Sourcing: The Hunger Games Edition
Presented by: Doug Douglas – National Engagement Manager at Stark
Virtual Conference for HR.com (5/3/12)
Our topic today is “Sourcing: The Hunger Games Edition.” Katniss and Peeta will not be joining us personally today, but we can learn some very important things from the book/movie as it relates to our sourcing and recruiting efforts. A phrase that it used often in the movie is - “May the odds be ever in your favor.” That’s what I hope to accomplish today, placing the odds of sourcing and attracting the very best talent to your organizations in your favor.
The Hunger Games – Are you sick of hearing about it yet? I guess if you’re on this webcast, you still have a little bit of an appetite for it. In this movie, children from each region (Tributes) are forced to fight to the death until there is one person remaining. This is set as a reality TV show with a studio audience, and then also shown on screens in the various regions. If a Tribute is well liked, or makes an impression, then people from the audience (Sponsors) can send them something that will help them during their battles (food, medicine, etc.).
So, let’s get started and dig in to what I believe is a fascinating topic. Sourcing/recruiting is transitioning into a new approach – a new way of doing things. It’s already happening. Those who refuse to make these changes, can stand pat and say, “Well, if they want to work here then they’ll do things MY way, the way I want to do it.” That’s your right. You can do that. But understand that others will be changing their approach to attract the very best talent on their terms, leaving the rest to come to you.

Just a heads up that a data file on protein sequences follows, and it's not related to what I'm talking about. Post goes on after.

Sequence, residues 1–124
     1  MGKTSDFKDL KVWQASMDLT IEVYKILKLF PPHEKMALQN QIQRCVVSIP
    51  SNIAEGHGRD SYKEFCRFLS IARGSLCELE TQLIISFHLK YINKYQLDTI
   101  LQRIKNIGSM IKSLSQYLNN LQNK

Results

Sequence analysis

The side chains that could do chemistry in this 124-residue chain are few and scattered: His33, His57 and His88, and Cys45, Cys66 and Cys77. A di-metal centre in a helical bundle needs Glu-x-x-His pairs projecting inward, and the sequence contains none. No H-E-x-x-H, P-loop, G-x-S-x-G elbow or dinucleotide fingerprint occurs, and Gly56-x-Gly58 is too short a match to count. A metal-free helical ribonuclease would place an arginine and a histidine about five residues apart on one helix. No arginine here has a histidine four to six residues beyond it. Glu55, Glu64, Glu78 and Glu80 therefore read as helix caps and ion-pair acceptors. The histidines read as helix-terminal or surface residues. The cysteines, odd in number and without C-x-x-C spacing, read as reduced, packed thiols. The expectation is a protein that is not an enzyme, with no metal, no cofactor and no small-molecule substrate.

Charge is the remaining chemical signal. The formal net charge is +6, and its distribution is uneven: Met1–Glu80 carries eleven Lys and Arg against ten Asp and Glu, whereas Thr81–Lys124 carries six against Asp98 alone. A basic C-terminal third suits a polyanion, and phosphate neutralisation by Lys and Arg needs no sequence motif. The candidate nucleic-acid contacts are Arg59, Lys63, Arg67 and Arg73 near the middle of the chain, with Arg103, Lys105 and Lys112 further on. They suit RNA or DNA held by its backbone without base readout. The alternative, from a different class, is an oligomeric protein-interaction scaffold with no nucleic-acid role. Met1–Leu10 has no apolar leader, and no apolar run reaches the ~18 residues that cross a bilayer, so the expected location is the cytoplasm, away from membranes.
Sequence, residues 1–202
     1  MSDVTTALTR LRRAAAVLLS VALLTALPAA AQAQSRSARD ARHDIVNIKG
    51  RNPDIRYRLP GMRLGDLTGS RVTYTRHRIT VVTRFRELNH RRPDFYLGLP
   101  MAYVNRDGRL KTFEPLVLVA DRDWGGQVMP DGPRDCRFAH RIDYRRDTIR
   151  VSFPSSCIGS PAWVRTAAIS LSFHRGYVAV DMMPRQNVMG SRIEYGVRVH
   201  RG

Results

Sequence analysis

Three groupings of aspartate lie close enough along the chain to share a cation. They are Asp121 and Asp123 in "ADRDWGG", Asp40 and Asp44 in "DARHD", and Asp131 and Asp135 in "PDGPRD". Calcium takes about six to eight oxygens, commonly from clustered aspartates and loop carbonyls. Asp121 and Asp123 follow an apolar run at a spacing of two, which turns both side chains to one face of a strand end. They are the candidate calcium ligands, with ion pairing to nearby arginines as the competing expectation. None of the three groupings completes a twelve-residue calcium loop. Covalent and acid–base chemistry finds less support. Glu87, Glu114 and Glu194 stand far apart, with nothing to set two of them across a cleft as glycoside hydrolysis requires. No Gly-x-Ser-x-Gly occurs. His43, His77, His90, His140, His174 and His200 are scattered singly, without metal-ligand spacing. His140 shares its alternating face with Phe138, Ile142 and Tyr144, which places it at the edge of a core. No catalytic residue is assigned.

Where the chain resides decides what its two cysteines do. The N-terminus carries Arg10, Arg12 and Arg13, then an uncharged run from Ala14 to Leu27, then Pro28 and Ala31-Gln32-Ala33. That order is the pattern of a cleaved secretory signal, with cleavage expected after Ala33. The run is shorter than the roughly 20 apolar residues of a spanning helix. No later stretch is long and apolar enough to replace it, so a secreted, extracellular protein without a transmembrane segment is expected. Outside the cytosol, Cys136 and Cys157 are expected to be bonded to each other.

Finding a great candidate that is not only qualified, but someone that we like, or that make a great impression, is what recruiters live for! Believe me, I have spoken with some on the opposite end of that spectrum who were rude, arrogant, disinterested, and abrasive – and I LOVED getting the opportunity to work with candidates who were polite, engaging, self-confident, and personable much, much more.
When I speak of “sourcing,” you probably have some pre-conceived ideas about what I’m going to discuss. You likely thought of: